test cutoffs. and Neurosurgery, Liverpool, UK

Conict of interest Published online in Wiley Online Library

Potential conicts do not exist. DOI: 10.1002/gps.3884

Dead under the bed: a case of Diogenes syndrome?

Dear Editor, An 89-year-old man had been living alone in the

same apartment from the late 1930s. He was described
It was interesting to read Freds story and how this case as a solitary, discreet and wary man. One day, worried
was considered to be the rst true case of Diogenes because nobody had seen him for days, the doorman
syndrome (Jolley and Read, 2009). We would like to tried to get in touch with him. After a few unsuccessful
share a case that we have recently encountered. attempts, the police were called and entered the mans

Copyright # 2013 John Wiley & Sons, Ltd. Int J Geriatr Psychiatry 2013; 28: 547549.
Letter to the Editor 549

apartment. Inside, there were hundreds of carefully 1991). In extreme cases, the person may be unable to
cataloged newspaper cuttings connected to his job perform minimal self-care or to maintain minimal
as a private investigator. His slippers and trousers personal hygiene. Major depressive disorder with psy-
were on the bedroom oor, the bed was unmade and chotic features is closely correlated to social isolation,
a corner of the duvet was folded back over the especially among geriatric patients. In this regard, an
mattress. The man was found lying supine on the ethological perspective may be proposed. It is instinc-
oor under the bed in a pool of blood. His head tive for most animals to hide and seek solitude when
touched the wall; the limbs were extended. Around they are very sick, injured or dying. There are two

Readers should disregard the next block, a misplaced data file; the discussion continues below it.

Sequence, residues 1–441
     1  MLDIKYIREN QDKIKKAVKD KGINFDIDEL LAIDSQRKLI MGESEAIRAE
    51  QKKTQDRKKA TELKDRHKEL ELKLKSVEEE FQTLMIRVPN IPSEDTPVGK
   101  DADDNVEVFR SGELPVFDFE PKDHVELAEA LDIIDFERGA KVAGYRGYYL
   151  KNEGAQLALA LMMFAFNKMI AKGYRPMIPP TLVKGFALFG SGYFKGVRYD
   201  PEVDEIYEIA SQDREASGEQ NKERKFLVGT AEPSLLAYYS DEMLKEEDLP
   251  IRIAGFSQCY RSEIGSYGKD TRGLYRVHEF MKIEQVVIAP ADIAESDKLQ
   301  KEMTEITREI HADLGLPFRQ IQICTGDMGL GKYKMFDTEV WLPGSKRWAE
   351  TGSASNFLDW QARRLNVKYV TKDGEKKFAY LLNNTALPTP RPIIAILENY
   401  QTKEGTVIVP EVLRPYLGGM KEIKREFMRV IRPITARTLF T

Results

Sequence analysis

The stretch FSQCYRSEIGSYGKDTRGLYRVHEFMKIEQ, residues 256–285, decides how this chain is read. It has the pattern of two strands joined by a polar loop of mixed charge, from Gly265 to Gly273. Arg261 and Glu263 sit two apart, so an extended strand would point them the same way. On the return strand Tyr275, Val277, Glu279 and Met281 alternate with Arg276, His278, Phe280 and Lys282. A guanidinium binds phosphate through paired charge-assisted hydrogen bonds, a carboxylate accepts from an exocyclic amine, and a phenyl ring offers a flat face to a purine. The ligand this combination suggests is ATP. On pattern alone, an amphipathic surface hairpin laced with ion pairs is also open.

his head, there was a dried pool of blood, and the main reasons for this. First of all, animals need to stay
wall was stained with splashes of dried blood that in a place that would be safe from predator attacks
had come out from his mouth. The abdomen was where they can hide and recover. The second major
bare and presented the typical putrefactive green reason is to protect the other members of the herd,
color. The prosecutor ordered a forensic autopsy to family or whatever group they belong to. Animals have
rule out foul play; the cause of death was gastric an instinctive urge to isolate themselves when sick or
hemorrhage. hurt, and by doing so, they protect the other members
The Diogenes syndrome is characterized by symp- of their group. This behavior can be seen often in ani-
toms that include severe self-neglect, senile break- mals such as cattle and elks, and recently, it has also
down, poor personal hygiene, domestic squalor, been noticed among some insect species (Heinze and
social withdrawal/isolation, syllogomania and refusal Walter, 2010).